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PEBMAC Quick Review: Security Cameras

March 16, 2018

I’ve set up security cameras for a number of clients over the years (everything from just using a built in iMac camera to a multi-camera setup for businesses). Security cameras are kind of like having a computer backup—you don’t really appreciate it until you need it, and by then it may be too late (my most recent installation caught a shoplifter within two days of installation, but funnily enough they “never had shoplifters” before the cameras were installed).

Many people do research online themselves and end up choosing Hikvision because they read that they’re high quality, inexpensive, and configurable. My primary complaint is that there have been numerous stories of “backdoors” and other vulnerabilities that allow people to hack into them. Unless you don’t mind strangers seeing when you’re not home or watching you cruise around in your underwear, I would definitely pass on these and other inexpensive Chinese brands.

Out of all of the brands I’ve set up, there are two I’ve been happy with: Logitech Circle, and Unifi.

The Logitech Circle is a stand-alone camera that requires a subscription to store videos longer than 24 hours, or to add additional features such as “person detection.” Cost is moderate (around $200 per camera, and as low as $4 a month for a subscription).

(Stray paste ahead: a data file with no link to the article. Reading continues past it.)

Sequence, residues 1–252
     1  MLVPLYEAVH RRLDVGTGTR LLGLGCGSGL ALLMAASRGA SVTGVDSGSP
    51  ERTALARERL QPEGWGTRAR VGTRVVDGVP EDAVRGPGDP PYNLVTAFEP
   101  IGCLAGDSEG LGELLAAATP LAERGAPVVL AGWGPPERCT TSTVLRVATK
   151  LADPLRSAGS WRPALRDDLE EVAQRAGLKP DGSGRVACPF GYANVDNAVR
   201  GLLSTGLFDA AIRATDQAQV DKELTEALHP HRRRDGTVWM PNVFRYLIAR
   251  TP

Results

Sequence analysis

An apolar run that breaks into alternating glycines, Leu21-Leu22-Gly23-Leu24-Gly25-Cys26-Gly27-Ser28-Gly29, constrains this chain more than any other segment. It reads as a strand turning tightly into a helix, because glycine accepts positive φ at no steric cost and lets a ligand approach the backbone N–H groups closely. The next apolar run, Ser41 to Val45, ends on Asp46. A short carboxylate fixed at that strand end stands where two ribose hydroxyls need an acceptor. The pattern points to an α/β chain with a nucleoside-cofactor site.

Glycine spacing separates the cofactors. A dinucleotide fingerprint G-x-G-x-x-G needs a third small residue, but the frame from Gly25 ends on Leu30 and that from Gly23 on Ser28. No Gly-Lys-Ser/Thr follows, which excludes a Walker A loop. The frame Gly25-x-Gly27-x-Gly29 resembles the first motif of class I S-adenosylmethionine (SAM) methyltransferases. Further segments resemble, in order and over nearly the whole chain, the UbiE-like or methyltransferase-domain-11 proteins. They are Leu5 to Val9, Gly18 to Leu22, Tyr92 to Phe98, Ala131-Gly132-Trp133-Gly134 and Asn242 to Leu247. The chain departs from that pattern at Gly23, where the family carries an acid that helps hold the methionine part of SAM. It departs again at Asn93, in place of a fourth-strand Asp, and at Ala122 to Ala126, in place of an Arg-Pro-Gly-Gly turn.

The downsides are that without a subscription you can’t do much with the cameras other than get a live view (the free plan won’t allow you to configure motion alerts, for example). It also isn’t very configurable. For example, you can define an area to detect motion, but you can’t set a schedule, so you may get a lot of false alerts. 

The Unifi system is around the same cost per camera, although there are more options. The biggest difference is that it doesn’t require a subscription. Instead, you  purchase a separate standalone recorder (NVR) for around $350, or set up your own on a Windows or Linux computer for free. Once it’s set up you have complete control over all the recordings, and they never end up on the cloud. They are also extremely configurable, and the company frequently adds features for free. They are also very good about supporting old hardware, so you don’t have to worry about your system needing replacement every few years (time will tell with Logitech).

PEBMAC Final Thoughts: If you don’t mind paying a monthly fee and just need a basic system that may need upgrading every few years, the Logitech Circle is a good choice. If you want a more robust system that you have complete control over and don’t mind paying a bit more up front, the Unifi system is the one to get.  

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